It’s easy to think about how anthropology can help artists and other creative professionals create more meaningful connections with their audiences. But what exactly can creativity do for anthropology? That’s what Jeff Hall, Elizabeth Gin, and An Xiao Mina explored with their storytelling project with young homeless people in Los Angeles.
They helped the youth to create a timeline of events that occurred in their lives. By working in this format, the team hoped that the youth would able to express themselves in a new light, and not just repeat the same story they’ve told to multiple adults in the past.
Each timeline initially contained three types of cards. The first type of card held a milestone, which were the biggest plot points in their lives. The second type was a memento, which was an important event, but not quite as influential as a milestone. The third type of card was a memory, which were moments that weren’t influential, but were nonetheless remembered. Finally, the youth did not want to present their life stories as a completed work, so they later added a fourth type of card, which was a milestone for the future.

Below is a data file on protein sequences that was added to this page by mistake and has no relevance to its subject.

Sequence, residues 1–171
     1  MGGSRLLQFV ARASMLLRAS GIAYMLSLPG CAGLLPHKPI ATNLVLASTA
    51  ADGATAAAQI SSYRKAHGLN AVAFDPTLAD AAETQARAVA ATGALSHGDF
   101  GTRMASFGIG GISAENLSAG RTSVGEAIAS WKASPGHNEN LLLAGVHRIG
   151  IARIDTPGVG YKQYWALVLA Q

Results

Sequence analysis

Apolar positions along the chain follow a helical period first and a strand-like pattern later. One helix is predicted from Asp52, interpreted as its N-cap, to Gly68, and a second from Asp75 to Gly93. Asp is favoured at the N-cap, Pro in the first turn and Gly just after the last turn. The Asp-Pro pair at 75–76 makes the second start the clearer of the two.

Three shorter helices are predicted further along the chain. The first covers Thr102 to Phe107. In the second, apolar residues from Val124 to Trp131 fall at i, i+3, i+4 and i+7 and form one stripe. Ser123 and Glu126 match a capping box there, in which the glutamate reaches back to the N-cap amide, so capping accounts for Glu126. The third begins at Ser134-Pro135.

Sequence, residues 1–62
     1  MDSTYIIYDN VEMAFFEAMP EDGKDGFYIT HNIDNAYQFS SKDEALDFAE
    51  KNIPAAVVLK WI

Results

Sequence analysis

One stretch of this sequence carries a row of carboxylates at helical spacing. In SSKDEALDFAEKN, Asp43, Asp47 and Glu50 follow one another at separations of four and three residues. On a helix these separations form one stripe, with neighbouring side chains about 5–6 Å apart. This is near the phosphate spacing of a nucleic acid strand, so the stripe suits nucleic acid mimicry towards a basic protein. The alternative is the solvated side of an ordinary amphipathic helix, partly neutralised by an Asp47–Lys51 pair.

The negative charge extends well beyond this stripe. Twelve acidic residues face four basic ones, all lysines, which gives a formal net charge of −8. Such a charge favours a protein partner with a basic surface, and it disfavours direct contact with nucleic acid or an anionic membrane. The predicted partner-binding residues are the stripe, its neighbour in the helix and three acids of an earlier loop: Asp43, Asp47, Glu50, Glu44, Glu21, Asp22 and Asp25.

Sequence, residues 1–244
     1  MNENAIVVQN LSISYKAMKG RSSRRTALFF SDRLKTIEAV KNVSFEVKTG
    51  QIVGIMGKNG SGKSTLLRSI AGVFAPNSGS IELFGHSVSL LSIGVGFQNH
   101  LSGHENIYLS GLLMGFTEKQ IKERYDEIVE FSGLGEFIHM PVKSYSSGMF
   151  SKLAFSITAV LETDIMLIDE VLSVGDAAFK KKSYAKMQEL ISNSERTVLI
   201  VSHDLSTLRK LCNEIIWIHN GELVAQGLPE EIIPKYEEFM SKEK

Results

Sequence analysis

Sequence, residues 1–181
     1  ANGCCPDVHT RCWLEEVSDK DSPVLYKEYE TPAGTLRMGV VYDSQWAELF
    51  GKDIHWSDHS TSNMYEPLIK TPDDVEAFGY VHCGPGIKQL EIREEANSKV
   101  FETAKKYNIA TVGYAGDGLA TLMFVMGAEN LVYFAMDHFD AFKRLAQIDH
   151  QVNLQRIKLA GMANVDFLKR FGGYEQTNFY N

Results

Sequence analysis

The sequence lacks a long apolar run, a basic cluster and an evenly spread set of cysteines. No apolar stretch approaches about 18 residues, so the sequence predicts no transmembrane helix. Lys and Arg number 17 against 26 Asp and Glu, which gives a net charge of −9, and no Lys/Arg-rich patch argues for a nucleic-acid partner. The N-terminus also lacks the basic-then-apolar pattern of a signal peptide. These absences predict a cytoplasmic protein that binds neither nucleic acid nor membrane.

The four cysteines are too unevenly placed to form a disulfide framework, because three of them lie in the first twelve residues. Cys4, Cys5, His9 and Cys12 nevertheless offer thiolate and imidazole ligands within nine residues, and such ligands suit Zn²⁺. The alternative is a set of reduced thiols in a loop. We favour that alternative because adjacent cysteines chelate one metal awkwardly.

They created a feedback system in which the youth could receive critique on their timelines in a safe and constructive environments. After all the timelines were completed, the youth wrote their stories out and worked together to combine them in a group presentation.
In the future, Hall, Gin, and Mina noted several areas where they’d like to improve their project- they’d like to make the final presentation a little more interactive, as well as explore other formats for the timeline itself, such as hosting it online or writing it on pocket-sized cards. Overall, though, they think their project was widely successful, and are releasing it under a Creative Commons license.